Over the past few weeks, the UK has been seized with a heated discussion about the subject of social care and who should pay for it, and how – if it is done through taxation – it should be collected. It will be paid by National Insurance, a tax that focuses on younger and less well-off workers.
For several weeks, the discussion seemed to be nothing more than an outrageous argument over who should open their checkbook to cover the costs. This demonstrated a flaw in our approach to the subject: that we consider the care of others, in particular the care of the elderly, as a financial and fiscal issue, and in particular as a burden.
But what the pandemic has really shown is how many people around the world care deeply and selflessly about our elderly and vulnerable. I say âourâ rather than âtheirâ because they are part of our village, of our extended families, of our societies. They are us. We are them. To consider them as a handicap is unfortunate.
For me as an unpaid caregiver – like millions of others in the UK and around the world – this approach to care misses the crux of the matter. People seem to focus a lot more on the cost of care, but the question should be: what is its value? And how to maximize it?
There are many studies on the benefits of intergenerational living for young people and for society. Interaction and engagement have benefits for older people. But here’s the problem: It also has tremendous benefits for young people, giving them a sense of identity, culture, history and space. It builds community bonds and adds a sense of grounding.
Caring for people is skilled and difficult work
A vision of welfare also means the benefits of more jobs, with more value. This is something missing from the conversation. The hours and efforts devoted to care have not been sufficiently discussed. Historically, care has always been a âwoman’s jobâ and is free. And like many so-called “women’s jobs”, they are unpaid and considered without stature.
But taking care of people is skilled and difficult work, and it needs to be assessed properly. Thus, by thinking about the value of care rather than the cost, millions of new high added value jobs can be created. It is part of the growing service economy.
Any discussion of care also means recognizing, supporting and funding the millions of unpaid caregivers in the informal care sector who provide the vast majority of care. Unpaid care of loved ones has a huge impact on caregivers. It is said to have an impact like post-traumatic stress disorder. And there is a ripple effect on families and caregivers’ workplaces.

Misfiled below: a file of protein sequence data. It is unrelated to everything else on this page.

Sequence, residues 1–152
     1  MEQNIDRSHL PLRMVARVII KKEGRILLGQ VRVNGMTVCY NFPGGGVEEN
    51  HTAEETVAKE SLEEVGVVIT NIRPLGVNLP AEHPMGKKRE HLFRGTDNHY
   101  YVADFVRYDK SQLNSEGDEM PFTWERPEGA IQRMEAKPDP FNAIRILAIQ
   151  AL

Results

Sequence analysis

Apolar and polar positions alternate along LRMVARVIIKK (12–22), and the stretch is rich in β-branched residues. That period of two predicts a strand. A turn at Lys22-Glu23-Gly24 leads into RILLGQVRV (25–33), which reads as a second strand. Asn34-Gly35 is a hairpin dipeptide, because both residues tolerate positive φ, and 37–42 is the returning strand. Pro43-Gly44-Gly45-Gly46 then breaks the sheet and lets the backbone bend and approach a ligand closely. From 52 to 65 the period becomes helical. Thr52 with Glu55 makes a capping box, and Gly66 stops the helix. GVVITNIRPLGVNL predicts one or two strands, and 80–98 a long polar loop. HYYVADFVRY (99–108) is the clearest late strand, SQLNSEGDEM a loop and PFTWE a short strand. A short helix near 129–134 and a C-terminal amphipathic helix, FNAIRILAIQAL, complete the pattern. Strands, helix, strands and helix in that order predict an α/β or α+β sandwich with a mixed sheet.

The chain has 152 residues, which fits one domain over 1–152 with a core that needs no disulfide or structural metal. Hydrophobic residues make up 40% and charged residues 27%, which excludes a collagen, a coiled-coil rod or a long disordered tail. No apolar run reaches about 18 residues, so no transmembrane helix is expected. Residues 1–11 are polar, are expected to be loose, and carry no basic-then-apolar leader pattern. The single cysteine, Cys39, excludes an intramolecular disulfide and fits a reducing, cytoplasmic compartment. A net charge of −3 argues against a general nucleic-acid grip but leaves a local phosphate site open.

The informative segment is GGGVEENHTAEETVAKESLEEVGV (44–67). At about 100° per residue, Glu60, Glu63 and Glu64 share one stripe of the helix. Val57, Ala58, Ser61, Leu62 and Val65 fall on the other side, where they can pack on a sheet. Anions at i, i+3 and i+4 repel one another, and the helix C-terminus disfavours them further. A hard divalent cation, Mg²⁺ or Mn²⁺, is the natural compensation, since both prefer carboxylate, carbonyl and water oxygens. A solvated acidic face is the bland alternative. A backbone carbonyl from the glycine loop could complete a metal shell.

And when caring for the elderly or vulnerable is added to caring for young children, it is the plight of the “sandwich generation” – those in their 30s and 40s, who care for both their elderly parents and their young. children. This is the time when this generation is most productive in the public space and in the workplace, but stuck with heavy responsibilities. With no one to help them, they get exhausted, take care of their parents and children.
All of this is driven by massive economic, demographic and socio-cultural changes. Our populations are older than they have ever been.
Our understanding of the needs and attitudes towards those to be cared for – especially children and early retirement has also changed. Our societies have changed when it comes to women less at home to look after everyone.
When the UK’s National Health Service was launched in 1948, this was a radical proposition. The first of its kind in the world, it was free at the point of service and based on need, not capacity.
It was part of a larger radical transformation in establishing a welfare state. In the post-war period, there was a consensus that we needed to do things differently to come out of the devastation of previous years, but also to build something worthy of a future where deprivation, suffering and indignity were reduced and where every person had the right to care, health, education and housing.
As we begin to plan beyond the health needs beyond the pandemic, we need a vision that addresses the type of society we are now and creates a model of care and its role in our families, our communities and our nations. It is not an afterthought or a penalty. It is at the very heart of societies because everyone needs it in one way or another.
When the NHS was launched in 1948, it was transformative. The same happened when education was rolled out for children. Today, our societies need to transform again. It should not be seen as a burden but as an opportunity.
Update: September 17, 2021, 9:00 a.m.